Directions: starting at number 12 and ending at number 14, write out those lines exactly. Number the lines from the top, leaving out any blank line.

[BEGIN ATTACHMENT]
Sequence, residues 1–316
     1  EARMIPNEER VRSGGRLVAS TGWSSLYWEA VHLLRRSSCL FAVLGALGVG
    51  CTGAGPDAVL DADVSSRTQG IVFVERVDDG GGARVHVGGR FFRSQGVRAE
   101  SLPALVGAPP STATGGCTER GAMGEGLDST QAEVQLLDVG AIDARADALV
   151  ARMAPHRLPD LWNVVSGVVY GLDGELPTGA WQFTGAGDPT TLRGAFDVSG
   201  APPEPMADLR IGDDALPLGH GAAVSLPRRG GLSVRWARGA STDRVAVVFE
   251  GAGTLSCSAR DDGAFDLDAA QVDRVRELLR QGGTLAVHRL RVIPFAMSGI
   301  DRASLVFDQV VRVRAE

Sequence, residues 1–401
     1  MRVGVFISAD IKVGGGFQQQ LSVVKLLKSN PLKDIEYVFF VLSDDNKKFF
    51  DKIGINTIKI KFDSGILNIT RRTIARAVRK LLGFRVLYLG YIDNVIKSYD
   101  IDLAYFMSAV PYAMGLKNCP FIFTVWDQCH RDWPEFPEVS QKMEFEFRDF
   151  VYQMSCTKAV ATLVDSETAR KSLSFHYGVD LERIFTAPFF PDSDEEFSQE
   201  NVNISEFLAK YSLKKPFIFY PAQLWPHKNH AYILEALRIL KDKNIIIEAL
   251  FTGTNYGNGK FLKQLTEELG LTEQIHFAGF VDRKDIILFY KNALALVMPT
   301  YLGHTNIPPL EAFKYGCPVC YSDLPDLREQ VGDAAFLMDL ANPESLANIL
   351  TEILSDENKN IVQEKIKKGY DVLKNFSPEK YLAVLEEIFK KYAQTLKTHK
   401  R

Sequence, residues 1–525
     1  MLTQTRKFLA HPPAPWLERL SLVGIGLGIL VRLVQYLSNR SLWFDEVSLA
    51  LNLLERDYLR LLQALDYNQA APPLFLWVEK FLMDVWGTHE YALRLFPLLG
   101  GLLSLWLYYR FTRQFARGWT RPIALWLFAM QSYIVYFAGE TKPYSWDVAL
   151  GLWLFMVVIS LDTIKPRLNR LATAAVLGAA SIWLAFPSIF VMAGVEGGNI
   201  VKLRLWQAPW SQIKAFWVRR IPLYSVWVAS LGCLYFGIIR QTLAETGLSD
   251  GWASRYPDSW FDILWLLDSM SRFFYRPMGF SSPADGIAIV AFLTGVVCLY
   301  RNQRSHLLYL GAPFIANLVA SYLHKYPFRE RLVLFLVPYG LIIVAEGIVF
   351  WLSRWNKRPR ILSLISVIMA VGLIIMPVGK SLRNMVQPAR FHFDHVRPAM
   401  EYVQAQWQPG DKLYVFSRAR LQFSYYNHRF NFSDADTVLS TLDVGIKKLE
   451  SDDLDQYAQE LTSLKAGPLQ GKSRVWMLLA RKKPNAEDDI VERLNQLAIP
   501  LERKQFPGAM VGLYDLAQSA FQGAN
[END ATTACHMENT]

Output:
   101  IDLAYFMSAV PYAMGLKNCP FIFTVWDQCH RDWPEFPEVS QKMEFEFRDF
   151  VYQMSCTKAV ATLVDSETAR KSLSFHYGVD LERIFTAPFF PDSDEEFSQE
   201  NVNISEFLAK YSLKKPFIFY PAQLWPHKNH AYILEALRIL KDKNIIIEAL